U.S. DOJ probes Alabama's funding for court interpreters
Sunday, November 29, 2009
- Organization: The Birmingham News
- Source: National > National Language Access Advocates Network
The state of Alabama pays for court interpreters in criminal and juvenile proceedings but not civil matters, a practice the U.S. Department of Justice considers a violation of federal civil rights law.
The agency is examining the state's compliance as part of a probe that brought investigators to several Alabama counties earlier this month, a lawyer with the state's Administrative Office of Courts said. The agency has not released any findings, but state law on court interpreters appears to be at odds with Justice Department mandates.
States and local jurisdictions, under Title VI of the Civil Rights Act of 1964 and executive order, must provide and pay for court interpreters in both criminal and civil cases, Justice spokesman Alejandro Miyar said. "They have a responsibility to ensure access by persons with limited English proficiency," he said.
In Alabama, however, the state comptroller in accordance with state law will return any bills seeking payment for court interpreters in civil actions, said David Sawyer, a lawyer with the Administrative Office of Courts. And while state law says courts should make interpreters available as needed in civil matters, in practice that does not always happen -- in part because the state only recently began offering certification for court interpreters. In Jefferson County Family Court, for example, domestic violence victims who do not speak English are asked to find people who can interpret for them when they try to obtain a restraining order.
They often return with bilingual family members or friends who are not trained to interpret in a courtroom, said Claudia Hendley, a court advocate with the Hispanic Interest Coalition of Alabama. Sometimes they don't return at all, discouraged and embarrassed to disclose the abuse to someone they know, she said.
"If we are not able to go, and they can't find an interpreter, then the communication between the victim and the judge is zero," she said.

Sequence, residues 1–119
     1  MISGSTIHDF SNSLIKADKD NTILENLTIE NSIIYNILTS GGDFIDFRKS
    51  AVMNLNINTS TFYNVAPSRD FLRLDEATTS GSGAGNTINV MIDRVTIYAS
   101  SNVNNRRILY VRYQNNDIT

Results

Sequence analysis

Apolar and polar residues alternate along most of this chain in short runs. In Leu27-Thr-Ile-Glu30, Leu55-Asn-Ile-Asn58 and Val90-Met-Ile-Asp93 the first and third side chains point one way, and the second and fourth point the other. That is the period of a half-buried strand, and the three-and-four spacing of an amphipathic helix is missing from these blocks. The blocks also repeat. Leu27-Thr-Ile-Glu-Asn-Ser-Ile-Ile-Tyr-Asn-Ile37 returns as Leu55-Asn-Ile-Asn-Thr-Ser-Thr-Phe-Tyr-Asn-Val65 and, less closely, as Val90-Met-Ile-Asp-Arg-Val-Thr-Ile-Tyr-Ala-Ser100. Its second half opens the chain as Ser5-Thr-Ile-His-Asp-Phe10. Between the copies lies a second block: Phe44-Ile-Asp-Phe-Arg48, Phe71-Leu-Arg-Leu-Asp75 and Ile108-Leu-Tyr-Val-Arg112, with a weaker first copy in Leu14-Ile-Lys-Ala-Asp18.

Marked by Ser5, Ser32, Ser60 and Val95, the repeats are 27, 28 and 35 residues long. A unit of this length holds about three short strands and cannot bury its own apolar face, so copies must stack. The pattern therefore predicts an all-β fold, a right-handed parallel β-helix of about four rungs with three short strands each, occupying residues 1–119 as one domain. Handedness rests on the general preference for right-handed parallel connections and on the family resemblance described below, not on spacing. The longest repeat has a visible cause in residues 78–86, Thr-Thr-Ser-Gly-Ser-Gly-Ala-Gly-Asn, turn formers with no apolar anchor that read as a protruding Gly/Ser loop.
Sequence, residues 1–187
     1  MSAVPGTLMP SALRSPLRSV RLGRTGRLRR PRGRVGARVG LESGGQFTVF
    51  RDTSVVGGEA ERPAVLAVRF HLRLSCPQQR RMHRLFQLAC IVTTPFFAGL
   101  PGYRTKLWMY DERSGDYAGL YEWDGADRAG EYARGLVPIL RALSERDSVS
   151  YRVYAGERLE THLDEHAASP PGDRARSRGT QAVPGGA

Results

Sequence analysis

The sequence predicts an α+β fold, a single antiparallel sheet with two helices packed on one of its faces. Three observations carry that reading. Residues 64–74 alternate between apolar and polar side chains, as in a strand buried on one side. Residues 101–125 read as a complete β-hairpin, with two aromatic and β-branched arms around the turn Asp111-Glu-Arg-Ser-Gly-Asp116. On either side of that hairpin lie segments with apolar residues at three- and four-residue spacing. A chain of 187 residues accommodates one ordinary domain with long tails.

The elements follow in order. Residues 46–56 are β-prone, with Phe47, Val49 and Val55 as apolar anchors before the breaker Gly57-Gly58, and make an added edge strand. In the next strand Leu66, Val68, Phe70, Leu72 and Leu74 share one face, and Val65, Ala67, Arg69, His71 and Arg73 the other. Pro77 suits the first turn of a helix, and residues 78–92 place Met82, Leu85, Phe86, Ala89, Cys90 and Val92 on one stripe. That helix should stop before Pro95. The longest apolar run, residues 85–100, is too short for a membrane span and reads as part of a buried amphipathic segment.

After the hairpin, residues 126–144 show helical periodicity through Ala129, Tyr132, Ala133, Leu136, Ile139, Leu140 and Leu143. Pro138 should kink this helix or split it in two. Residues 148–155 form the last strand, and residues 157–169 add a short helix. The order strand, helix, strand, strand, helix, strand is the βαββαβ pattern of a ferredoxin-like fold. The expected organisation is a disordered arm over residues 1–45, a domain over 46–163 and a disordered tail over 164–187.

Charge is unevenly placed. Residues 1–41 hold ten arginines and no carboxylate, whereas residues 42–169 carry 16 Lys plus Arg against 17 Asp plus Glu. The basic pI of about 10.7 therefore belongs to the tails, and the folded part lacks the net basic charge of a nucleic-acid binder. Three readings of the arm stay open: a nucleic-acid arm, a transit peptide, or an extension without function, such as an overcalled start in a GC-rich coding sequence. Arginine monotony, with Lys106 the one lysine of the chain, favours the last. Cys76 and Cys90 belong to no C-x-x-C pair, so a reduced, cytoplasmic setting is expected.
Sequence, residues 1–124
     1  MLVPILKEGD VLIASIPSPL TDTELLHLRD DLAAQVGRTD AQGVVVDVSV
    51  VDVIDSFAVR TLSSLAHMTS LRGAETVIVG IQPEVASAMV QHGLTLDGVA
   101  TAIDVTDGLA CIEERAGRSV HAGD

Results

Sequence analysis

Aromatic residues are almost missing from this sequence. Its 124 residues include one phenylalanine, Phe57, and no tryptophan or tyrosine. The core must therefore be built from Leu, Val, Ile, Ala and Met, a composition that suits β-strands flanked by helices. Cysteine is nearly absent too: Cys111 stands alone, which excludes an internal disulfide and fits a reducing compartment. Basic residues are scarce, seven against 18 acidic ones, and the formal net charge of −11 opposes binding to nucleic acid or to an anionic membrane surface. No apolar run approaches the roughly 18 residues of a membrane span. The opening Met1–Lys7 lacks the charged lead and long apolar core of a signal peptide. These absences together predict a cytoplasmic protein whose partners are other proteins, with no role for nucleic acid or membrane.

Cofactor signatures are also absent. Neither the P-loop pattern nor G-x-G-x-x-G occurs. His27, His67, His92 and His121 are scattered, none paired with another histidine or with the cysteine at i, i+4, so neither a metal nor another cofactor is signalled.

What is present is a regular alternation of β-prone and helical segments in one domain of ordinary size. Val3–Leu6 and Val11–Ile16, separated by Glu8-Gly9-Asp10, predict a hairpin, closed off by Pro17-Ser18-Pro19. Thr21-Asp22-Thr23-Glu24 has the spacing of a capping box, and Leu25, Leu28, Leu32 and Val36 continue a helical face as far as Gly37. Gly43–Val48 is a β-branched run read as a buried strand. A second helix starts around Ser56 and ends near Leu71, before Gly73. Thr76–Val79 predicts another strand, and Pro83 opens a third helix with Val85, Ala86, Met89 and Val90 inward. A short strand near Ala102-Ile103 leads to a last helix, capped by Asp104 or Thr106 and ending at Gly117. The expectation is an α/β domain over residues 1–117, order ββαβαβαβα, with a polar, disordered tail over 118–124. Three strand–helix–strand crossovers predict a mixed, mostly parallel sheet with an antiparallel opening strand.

Earlier this year, the Justice Department reminded states and local jurisdictions of the requirements under the Civil Rights Act, in light of the act's 45th anniversary and the distribution of federal Recovery Act dollars, Miyar said. He said the Justice Department is working with the courts to make sure they comply.
In at least 10 states, court interpreters are paid in all civil matters, said Laura Klein Abel, a deputy director at the Brennan Center on Justice at New York University School of Law. At least three others states pay for interpreters in some civil actions, said Abel, who researched the practices in 35 states for a 2009 paper on the topic.
"Having interpreters in court is fundamental to the abilities of courts to do their job," she said. "When judges can't communicate with people in the courtroom, they can't make findings of fact because they don't know what witnesses are saying, and when litigants can't understand the judge, they can't comply with court orders."
Brian Huff, the presiding judge in Jefferson County Family Court, said he sees the greatest need for interpreters in protection from abuse, child custody and paternity cases -- all civil matters.
Locke Donaldson, a special circuit judge, has heard most of the 660 protection from abuse cases filed in Jefferson County's Birmingham division this year. He estimated that 8 to 10 percent of those cases involve at least one person who does not speak English.
He will allow bilingual family members and friends to interpret, said Donaldson, a non-Spanish speaker who said he feels as if his hands are tied.
Donaldson said he uses his best judgment and reads body language to determine if a person interpreting in court has any bias. One time he stopped someone he thought was not interpreting fairly.
"I just got the feeling it was not exactly what the plaintiff was saying," Donaldson said. "It was more of a grudge."
Family court officials have designated two Thursday afternoons a month for protection from abuse cases involving Hispanic victims, which should allow Hendley, the court advocate, to attend more hearings. While Hendley may end up interpreting for a domestic violence victim, it's a conflict of interest for her to interpret for a defendant, she said.
Hendley said part of the problem is a shortage of good court interpreters in the state. The new certification program for court interpreters should help, said Saw yer, with the Administrative Office of Courts.
He said the courts in Alabama are working with the Justice Department and making progress in improving access to the courts for limited English speakers.
Huff said interpreters should be paid for by the government even in civil matters.
"The Legislature and state government need to recognize that we have citizens in this state who speak Spanish as their first language and recognize that there are people in this state legally who have a right to access to the courts," Huff said. He added that everyone, regardless of legal residency status, has a right to be safe.